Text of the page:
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Fall Turkey Hunting: Facts and Myths

Spring gobbler season is months away. Autumn turkey hunting can be compelling and enjoyable too. Debunk these fall turkey myths yourself.

Myth: You can’t call fall longbeards.

Not unless you try. Pete Clare of Turkey Trot Acres had several fall New York turkey flocks – a big family group and a gang of longbeards. We targeted the latter bunch. Gobbler yelping — yawp, yawp, yawp — tipped us off. It wasn’t long before Clare’s Byrne turkey dog Clyde found them.

Barking with alarm putting and flushing turkeys followed. The gobbler flock was separated. We’d set up near the break site. Scott Basehore, the well-known custom call maker, joined us with his turkey dog Jenny. Our buddy Daryl Stubbs watched one side of the setup, gun ready. I covered the other.

Fall longbeard hunters know a post-scatter wait can take time. They can come back gobbling, yelping and even strutting after a flock break. Sometimes it happens fast; often longer if at all. Pete gobbled. Scott tagged jake yelping on the end of it. Two hours later, we heard one turkey fly down out of a tree near Clyde’s flock scatter; then another. We waited, calling some more.

Suddenly Basehore hissed: “Turkeys to your left. Don’t move.” Two gobblers cruised down the incline, stalking the calls like two Count Dracula imitators wearing black capes. Stubbs made the kill. The survivor sprinted down the hillside. After fist bumps, Daryl and Pete left while Scott and I hatched a plan – our hunt concludes this article.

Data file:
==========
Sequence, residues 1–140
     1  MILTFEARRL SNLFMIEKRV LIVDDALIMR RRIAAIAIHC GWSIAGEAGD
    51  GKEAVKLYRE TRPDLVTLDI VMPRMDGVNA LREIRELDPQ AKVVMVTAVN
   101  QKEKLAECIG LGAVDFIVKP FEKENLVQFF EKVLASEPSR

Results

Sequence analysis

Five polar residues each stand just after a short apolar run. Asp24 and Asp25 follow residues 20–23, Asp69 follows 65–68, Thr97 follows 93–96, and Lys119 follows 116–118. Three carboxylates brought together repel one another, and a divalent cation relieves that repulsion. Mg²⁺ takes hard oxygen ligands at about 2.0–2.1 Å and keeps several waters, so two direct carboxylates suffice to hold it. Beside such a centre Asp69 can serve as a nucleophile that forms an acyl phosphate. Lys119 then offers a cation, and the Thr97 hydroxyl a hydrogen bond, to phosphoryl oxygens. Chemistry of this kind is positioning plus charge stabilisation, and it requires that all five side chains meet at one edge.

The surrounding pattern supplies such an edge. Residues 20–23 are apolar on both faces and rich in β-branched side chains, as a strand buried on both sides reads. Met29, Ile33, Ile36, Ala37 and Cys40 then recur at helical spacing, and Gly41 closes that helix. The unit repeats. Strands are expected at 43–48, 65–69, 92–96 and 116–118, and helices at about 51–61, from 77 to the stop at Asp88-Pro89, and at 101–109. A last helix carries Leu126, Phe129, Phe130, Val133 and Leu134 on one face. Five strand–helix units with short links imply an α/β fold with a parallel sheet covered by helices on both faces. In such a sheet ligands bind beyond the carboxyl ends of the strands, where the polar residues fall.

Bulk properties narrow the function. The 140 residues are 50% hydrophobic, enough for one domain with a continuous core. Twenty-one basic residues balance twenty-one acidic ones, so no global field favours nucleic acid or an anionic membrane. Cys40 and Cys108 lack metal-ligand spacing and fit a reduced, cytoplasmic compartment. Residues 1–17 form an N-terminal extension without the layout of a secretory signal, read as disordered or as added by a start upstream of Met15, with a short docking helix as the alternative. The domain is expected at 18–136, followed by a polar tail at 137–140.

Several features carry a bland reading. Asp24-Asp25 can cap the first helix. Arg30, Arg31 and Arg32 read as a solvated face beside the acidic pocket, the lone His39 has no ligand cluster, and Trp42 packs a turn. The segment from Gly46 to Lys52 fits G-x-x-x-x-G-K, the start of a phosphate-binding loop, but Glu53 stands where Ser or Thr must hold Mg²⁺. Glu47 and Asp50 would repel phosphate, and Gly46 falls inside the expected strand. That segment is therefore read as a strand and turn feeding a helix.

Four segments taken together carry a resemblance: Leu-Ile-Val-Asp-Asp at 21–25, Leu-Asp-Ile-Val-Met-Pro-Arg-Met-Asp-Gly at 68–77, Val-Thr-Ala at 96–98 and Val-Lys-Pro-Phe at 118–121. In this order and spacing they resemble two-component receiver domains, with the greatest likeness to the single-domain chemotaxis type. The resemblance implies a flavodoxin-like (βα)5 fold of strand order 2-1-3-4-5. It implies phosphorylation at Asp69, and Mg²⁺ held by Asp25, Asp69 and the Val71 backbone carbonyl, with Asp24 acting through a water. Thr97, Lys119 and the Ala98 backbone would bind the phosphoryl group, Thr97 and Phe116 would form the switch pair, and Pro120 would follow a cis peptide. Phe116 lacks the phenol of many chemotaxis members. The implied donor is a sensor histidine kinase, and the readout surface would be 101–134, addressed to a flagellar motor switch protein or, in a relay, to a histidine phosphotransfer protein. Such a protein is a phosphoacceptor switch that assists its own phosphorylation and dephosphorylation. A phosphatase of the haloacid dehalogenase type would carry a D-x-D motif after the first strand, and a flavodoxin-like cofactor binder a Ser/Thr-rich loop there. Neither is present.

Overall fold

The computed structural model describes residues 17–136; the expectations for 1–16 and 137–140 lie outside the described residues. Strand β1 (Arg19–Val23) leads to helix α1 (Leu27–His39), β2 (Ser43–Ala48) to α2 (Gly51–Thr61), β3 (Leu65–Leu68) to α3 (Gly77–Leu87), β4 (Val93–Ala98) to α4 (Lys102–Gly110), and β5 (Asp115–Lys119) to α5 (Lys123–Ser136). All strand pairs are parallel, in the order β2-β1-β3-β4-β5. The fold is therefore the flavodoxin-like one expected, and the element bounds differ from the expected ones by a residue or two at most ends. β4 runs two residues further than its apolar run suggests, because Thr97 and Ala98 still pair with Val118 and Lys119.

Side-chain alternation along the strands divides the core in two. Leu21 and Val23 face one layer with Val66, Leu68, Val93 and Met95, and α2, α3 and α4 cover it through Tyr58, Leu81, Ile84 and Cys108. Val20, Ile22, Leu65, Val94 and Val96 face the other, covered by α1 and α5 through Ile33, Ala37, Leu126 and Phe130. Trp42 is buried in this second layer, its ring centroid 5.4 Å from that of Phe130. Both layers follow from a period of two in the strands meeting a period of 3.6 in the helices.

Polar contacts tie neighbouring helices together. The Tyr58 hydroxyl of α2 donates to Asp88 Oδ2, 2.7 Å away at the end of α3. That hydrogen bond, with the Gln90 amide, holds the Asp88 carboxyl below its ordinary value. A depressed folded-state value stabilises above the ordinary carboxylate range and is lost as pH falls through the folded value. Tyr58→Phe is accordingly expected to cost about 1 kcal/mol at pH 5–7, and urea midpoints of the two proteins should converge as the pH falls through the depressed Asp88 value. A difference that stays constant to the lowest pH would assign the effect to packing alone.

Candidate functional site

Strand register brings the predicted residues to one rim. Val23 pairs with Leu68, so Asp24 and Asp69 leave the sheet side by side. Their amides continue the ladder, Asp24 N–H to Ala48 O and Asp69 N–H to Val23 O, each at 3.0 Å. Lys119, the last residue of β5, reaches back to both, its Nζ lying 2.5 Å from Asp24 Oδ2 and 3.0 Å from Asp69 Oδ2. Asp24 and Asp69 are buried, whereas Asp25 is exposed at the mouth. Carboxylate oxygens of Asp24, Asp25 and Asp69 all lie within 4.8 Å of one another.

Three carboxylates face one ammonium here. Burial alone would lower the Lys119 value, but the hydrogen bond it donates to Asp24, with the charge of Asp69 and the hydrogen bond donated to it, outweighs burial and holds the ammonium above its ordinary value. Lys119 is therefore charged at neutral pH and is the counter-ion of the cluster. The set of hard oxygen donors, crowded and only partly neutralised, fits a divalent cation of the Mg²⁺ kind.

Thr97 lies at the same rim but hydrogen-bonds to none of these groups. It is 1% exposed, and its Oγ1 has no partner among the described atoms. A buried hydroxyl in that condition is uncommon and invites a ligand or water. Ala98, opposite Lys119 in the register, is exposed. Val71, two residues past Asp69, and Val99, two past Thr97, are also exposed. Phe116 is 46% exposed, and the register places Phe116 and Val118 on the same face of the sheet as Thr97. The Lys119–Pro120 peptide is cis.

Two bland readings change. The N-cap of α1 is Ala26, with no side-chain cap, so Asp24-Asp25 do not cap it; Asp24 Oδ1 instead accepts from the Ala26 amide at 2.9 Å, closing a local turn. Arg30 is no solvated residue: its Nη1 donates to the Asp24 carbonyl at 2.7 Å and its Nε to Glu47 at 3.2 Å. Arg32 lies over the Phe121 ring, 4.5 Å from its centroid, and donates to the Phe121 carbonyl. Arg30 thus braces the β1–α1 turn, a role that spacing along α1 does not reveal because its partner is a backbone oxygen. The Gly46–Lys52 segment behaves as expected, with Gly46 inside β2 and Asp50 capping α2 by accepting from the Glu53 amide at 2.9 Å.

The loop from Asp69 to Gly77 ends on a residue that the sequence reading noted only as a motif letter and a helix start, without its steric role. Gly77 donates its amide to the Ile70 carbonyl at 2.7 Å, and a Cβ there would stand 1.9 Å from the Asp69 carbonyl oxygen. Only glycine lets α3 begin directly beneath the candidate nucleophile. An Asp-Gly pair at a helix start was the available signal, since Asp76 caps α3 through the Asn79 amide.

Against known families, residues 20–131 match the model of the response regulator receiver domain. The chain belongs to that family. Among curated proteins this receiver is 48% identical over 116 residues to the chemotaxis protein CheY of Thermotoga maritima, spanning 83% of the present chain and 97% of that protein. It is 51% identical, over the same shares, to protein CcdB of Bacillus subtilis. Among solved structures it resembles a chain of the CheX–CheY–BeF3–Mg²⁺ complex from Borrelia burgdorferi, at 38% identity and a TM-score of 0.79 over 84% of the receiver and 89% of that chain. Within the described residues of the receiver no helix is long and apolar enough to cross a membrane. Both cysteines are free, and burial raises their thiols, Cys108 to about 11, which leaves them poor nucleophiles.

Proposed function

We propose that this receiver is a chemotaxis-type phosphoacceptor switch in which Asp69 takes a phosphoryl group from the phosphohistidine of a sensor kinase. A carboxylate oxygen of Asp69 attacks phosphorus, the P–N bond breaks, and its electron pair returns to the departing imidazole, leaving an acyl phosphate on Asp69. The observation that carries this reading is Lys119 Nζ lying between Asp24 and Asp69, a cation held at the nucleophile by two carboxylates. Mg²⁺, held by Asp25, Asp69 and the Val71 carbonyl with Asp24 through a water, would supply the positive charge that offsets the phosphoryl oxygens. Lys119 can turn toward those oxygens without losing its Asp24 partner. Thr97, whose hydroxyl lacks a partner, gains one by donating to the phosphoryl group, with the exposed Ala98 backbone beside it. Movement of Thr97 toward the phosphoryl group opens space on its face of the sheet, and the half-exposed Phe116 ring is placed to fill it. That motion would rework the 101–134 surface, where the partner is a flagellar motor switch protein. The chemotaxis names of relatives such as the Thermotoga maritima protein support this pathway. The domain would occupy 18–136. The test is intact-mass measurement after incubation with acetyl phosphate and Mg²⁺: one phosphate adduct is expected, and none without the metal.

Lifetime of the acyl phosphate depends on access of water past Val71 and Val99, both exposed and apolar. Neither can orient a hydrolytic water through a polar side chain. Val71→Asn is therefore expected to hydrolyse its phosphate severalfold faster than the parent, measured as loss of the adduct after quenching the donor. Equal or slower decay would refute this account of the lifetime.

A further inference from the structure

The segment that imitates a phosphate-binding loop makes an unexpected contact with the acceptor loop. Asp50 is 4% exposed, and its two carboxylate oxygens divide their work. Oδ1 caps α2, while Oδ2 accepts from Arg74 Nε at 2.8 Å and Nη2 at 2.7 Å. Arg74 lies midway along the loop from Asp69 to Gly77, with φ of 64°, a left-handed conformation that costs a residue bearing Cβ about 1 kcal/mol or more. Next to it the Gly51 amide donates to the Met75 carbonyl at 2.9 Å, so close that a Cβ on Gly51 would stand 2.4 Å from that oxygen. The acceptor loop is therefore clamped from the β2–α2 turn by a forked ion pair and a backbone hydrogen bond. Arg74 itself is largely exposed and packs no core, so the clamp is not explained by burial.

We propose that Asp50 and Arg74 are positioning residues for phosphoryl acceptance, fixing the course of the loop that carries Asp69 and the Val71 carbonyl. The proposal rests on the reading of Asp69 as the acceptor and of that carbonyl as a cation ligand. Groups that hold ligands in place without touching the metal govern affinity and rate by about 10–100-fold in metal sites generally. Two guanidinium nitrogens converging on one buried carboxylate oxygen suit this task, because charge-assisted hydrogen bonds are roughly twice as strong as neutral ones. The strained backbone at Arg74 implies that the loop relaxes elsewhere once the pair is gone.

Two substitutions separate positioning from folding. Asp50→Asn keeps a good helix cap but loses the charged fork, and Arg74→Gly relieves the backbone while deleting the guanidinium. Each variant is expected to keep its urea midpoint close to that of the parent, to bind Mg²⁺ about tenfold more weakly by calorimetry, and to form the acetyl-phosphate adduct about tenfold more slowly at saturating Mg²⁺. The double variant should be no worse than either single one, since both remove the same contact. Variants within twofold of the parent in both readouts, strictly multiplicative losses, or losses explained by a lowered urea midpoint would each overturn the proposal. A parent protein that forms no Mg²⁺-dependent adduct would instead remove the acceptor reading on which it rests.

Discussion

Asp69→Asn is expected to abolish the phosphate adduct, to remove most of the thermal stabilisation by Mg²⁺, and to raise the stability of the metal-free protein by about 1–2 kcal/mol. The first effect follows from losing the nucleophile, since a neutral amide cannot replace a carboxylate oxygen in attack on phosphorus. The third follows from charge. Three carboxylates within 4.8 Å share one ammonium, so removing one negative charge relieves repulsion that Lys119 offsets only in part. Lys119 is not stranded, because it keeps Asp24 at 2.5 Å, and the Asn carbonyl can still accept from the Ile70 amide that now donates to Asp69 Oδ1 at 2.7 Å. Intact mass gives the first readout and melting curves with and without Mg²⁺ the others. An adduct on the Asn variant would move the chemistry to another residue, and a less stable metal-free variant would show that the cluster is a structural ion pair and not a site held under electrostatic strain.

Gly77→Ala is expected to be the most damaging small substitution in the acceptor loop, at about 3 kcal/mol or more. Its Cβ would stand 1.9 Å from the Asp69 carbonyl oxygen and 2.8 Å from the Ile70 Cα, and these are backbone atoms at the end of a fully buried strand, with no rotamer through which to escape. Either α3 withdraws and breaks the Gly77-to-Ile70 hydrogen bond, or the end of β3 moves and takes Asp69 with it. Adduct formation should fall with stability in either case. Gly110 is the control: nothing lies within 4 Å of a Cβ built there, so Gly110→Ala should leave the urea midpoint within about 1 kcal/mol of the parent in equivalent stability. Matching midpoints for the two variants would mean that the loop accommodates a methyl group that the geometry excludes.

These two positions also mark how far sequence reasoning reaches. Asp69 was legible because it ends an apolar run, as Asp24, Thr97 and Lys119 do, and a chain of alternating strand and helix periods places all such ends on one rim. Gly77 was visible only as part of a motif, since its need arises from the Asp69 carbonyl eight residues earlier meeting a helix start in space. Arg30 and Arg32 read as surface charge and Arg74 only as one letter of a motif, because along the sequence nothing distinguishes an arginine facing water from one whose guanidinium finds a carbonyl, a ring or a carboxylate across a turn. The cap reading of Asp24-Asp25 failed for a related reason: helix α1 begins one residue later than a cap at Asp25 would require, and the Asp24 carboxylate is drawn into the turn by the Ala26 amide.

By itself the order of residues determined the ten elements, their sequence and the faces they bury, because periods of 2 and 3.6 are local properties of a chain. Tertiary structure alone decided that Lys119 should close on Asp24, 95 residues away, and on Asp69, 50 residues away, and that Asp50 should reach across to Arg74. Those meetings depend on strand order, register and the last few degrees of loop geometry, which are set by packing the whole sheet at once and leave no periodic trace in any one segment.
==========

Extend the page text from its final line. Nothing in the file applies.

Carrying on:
Myth: Spring turkey hunting is traditional.

Actually fall and winter turkey hunting has a longer tradition. As a kid, I heard veteran turkey hunters say how turkey hunting in the spring was cheating, even easy. You see, my native Pennsylvania had just legalized spring turkey hunting in 1968. Times do change.

Spring turkey hunting has taken over. As reported by the Pennsylvania Game Commission: “Since 2000, the number of spring turkey hunters has exceeded that of fall turkey hunters in Pennsylvania. This switch is not only the result of fall hunters switching to spring turkey hunting, but also an influx of new turkey hunters who hunt only in the spring.”

The truth is, both fall and spring hunting are now traditions – one older; one trending; depending on when you started turkey hunting.

Myth: Fall turkeys are too easy.

“Hunting fall turkeys is just too easy. I’d rather hunt spring gobblers,“ certain hardcore spring hunters say. Some turkeys are. Some aren’t – just like spring gobblers. Autumn turkeys can sometimes be easy once found, but locating flocks isn’t always a sealed deal.

Fall food sources can be widespread. Fall flocks can roam widely. You may find fresh turkey scratchings, tracks, droppings and dusting areas, but never locate birds. When you do, it’s like spring turkey hunting – you have a hunter’s chance.

I’ve tagged fall turkeys on opening day not long after fly-down. I’ve hunted autumn flocks on wooded ridges for days, with fresh scratchings all around me, without filling a tag. Just like spring hunting, right?